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What Is the Sonic Domestic Utility of the Ocean Surf?

Listening to the Irish coast from the top floor of a Los Angeles hotel tower

I spent the past few days in Los Angeles at a hotel in Hollywood. My room, a small studio on the 11th floor, was awash with ocean sounds when I first walked in. The hotel had a little sound machine set up near the bed. It was on a crowded end table, what with the lamp, cordless phone, and iPhone-friendly alarm clock also sharing the space. Each item was vaguely elegant on its own, but collectively they were a matter of overkill and incongruity by accrual. The sound machine itself was fairly old, the speaker rattly, the recordings mechanical — a fax machine’s idea of surf. There were other options, too: stream, rain, white noise, and so on.

I’d had a similar experience previously at the same hotel chain in a different city, but that time I’d arrived late at night and struggled to find the source of the ocean and turn it off. I used to travel a lot for work, and became amazed by how much variation there could be in the placement and functionality of something as presumably straightforward as a light switch. It’s one thing to master the ever-mutating light switch. A “sound machine” is its own far-from-ubiquitous apparatus, a still-striving category aspiring to private-space normality. The hotel intended the sound machine to be relaxing; it was anything but.

20161009-bedside

This time around I knew how to turn it off: that helpful large element in the front center was, in fact, a very large button — so large that it was hiding in plain sight.

Days passed, and this morning, while drinking coffee and listening through Bandcamp and SoundCloud, I came upon this track (up above) by Hilary Mullaney. It’s a deeply detailed field recording of surf off the Irish coast. A brief note from Mullaney sets context:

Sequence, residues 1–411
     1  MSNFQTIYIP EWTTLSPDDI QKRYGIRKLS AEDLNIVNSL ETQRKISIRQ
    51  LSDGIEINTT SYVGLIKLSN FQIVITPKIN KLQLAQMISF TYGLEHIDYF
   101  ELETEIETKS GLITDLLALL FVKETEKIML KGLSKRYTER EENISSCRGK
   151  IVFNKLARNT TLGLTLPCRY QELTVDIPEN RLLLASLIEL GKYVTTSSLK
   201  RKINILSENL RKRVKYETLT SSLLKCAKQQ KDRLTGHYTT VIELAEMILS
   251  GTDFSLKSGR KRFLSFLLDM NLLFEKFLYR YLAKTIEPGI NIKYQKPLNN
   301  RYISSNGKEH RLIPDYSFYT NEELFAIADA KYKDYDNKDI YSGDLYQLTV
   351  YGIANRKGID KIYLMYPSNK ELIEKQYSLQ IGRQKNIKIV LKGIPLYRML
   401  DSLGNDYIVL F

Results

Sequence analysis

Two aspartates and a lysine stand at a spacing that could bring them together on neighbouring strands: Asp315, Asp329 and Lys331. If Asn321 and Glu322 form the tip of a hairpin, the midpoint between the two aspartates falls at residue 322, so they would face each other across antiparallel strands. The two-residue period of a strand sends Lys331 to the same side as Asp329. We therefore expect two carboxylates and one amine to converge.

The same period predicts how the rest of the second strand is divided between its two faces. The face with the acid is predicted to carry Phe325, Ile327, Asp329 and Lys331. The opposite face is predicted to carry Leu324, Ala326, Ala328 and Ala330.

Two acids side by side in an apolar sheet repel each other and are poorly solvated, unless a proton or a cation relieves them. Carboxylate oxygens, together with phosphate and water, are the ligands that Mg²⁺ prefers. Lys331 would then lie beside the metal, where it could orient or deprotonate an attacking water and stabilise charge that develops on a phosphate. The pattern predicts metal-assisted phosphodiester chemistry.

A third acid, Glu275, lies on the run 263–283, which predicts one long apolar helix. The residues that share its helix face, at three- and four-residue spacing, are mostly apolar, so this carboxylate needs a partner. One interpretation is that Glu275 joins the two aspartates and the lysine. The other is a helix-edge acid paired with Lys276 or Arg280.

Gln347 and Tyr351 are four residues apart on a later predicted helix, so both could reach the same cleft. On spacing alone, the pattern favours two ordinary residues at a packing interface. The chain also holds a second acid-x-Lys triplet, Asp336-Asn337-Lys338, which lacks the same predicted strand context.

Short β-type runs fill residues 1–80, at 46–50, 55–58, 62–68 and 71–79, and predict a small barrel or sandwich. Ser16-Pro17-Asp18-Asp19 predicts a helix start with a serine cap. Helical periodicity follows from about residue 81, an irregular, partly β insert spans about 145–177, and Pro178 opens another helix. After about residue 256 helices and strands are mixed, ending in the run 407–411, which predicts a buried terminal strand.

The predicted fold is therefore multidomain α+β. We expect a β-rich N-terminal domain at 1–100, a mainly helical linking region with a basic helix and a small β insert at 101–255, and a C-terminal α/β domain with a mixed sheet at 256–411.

This is an edit of a longer recording made at the waters edge on a beach in Spanish Point, Co. Clare, leaving the recording device on the ledge of a black rock to capture the surrounding sounds. It was a cold, wet and windy day in August.

I had it on repeat for a couple hours, the nearly three-minute track washing out through my laptop speakers, a brief pause at each repetition, like a dream starting over again. There’s perhaps too much detail in a track like this to serve as serene background listening — the bird song, rough noise of perhaps the recorder herself moving about, the waves and bubbles washing at imagined feet, the ocean rumbling somewhat threateningly in the distance.

20160109-ireland

It’s unclear if real ocean surf serves the same sonic domestic purpose of fake surf, if the narrative inherent in a “real” recording, especially one as thorough as Mullaney’s, can provide the intended ease of the fake surf. Perhaps the main issue with the fake-surf device is the device itself: a substandard interface, a speaker that degrades over time, a busy addition to an already overstuffed bedside. Or perhaps it is the sound itself: a mechanical lullaby that reinforces (rather than distracting the listener from) the pressures of the modern world outside the window.

Track originally posted at soundcloud.com/hilarymullaney. More from Mullaney at hilarymullaney.com.

By Marc Weidenbaum

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